Physical, mathematical, and numerical derivations of the cahn-hilliard equation

Dongsun Lee, Joo Youl Huh, Darae Jeong, Jaemin Shin, Ana Yun, Junseok Kim

Research output: Contribution to journalArticlepeer-review

84 Citations (Scopus)


We review physical, mathematical, and numerical derivations of the binary Cahn-Hilliard equation (after John W. Cahn and John E. Hilliard). The phase separation is described by the equation whereby a binary mixture spontaneously separates into two domains rich in individual components. First, we describe the physical derivation from the basic thermodynamics. The free energy of the volume Ω of an isotropic system is given by NVΩ[F(c)+0.5â̂Š2c2]dx, where NV, c, F(c), â̂Š, and c represent the number of molecules per unit volume, composition, free energy per molecule of a homogenous system, gradient energy coefficient related to the interfacial energy, and composition gradient, respectively. We define the chemical potential as the variational derivative of the total energy, and its flux as the minus gradient of the potential. Using the usual continuity equation, we obtain the Cahn-Hilliard equation. Second, we outline the mathematical derivation of the Cahn-Hilliard equation. The approach originates from the free energy functional and its justification of the functional in the Hilbert space. After calculating the gradient, we obtain the Cahn-Hilliard equation as a gradient flow. Third, various aspects are introduced using numerical methods such as the finite difference, finite element, and spectral methods. We also provide a short MATLAB program code for the Cahn-Hilliard equation using a pseudospectral method.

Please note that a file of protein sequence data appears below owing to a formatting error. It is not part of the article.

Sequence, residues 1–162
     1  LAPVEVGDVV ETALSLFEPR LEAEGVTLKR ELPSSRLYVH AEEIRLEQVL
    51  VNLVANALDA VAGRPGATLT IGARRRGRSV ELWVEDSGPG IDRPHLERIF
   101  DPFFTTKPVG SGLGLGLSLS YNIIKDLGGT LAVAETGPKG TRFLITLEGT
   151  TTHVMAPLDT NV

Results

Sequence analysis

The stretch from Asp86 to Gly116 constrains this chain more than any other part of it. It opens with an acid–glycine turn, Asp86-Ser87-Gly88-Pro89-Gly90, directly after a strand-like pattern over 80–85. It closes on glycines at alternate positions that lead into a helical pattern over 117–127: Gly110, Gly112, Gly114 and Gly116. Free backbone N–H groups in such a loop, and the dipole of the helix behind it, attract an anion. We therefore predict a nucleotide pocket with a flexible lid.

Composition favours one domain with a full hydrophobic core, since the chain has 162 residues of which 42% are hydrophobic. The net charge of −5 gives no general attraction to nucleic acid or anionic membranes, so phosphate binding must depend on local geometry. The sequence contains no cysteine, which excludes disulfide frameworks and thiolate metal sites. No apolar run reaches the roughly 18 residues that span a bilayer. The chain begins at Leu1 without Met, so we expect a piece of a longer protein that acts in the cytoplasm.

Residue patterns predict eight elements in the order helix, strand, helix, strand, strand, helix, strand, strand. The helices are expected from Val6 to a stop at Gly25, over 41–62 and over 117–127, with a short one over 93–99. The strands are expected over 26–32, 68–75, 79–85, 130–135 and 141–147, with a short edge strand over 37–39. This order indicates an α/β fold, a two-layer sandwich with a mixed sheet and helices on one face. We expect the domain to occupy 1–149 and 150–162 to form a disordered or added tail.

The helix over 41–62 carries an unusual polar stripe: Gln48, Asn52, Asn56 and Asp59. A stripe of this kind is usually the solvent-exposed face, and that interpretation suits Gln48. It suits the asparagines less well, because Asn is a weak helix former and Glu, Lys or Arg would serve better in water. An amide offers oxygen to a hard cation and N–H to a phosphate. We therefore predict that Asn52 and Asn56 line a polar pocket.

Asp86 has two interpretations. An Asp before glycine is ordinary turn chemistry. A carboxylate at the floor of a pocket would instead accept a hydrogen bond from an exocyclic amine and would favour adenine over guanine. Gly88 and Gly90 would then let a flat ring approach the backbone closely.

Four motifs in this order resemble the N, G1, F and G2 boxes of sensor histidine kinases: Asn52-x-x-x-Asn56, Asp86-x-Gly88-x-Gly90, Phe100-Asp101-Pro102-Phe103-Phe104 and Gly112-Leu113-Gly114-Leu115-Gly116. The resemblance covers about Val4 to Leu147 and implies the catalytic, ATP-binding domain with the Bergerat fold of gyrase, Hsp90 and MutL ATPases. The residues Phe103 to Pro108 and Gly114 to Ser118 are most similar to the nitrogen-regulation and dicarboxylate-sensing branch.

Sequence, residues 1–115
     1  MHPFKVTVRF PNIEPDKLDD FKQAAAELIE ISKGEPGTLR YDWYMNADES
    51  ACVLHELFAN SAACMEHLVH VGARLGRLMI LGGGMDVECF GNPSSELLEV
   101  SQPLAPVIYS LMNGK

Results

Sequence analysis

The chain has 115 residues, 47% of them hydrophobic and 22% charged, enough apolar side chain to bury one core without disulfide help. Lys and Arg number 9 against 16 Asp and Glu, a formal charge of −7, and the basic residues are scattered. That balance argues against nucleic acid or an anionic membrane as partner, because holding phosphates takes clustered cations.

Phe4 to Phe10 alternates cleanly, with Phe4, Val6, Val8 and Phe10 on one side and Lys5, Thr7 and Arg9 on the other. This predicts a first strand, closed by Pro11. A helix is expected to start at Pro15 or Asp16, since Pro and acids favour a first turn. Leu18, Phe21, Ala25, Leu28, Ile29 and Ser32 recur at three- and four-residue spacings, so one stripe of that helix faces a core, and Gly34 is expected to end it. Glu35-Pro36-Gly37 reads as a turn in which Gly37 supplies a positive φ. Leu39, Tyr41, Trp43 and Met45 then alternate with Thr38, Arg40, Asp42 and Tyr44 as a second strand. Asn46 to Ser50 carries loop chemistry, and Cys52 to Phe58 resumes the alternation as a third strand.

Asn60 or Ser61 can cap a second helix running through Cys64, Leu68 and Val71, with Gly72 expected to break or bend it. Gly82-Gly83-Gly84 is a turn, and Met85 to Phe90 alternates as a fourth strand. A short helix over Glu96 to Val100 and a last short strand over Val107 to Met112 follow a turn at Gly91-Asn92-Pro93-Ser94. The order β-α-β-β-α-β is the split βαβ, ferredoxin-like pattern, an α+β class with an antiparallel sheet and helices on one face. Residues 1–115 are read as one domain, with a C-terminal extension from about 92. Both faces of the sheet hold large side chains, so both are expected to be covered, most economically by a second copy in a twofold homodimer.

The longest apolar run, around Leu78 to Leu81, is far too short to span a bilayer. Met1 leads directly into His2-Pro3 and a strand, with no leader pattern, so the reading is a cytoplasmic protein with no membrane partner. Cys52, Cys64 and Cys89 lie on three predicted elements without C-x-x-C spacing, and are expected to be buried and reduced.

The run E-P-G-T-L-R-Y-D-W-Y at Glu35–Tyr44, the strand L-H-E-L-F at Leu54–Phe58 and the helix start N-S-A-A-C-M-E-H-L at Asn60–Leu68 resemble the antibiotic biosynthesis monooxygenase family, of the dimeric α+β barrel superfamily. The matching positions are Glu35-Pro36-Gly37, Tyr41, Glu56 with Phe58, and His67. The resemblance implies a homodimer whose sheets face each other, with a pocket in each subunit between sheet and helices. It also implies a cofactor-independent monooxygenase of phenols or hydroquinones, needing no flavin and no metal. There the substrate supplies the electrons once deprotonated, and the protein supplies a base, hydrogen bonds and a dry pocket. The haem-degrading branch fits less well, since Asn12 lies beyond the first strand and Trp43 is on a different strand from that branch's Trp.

Original languageEnglish
Pages (from-to)216-225
Number of pages10
JournalComputational Materials Science
Publication statusPublished - 2014


  • Cahn-Hilliard
  • Chemical processes
  • Mathematical modeling
  • Numerical analysis
  • Phase change
  • Pseudospectral method

ASJC Scopus subject areas

  • Computer Science(all)
  • Chemistry(all)
  • Materials Science(all)
  • Mechanics of Materials
  • Physics and Astronomy(all)
  • Computational Mathematics


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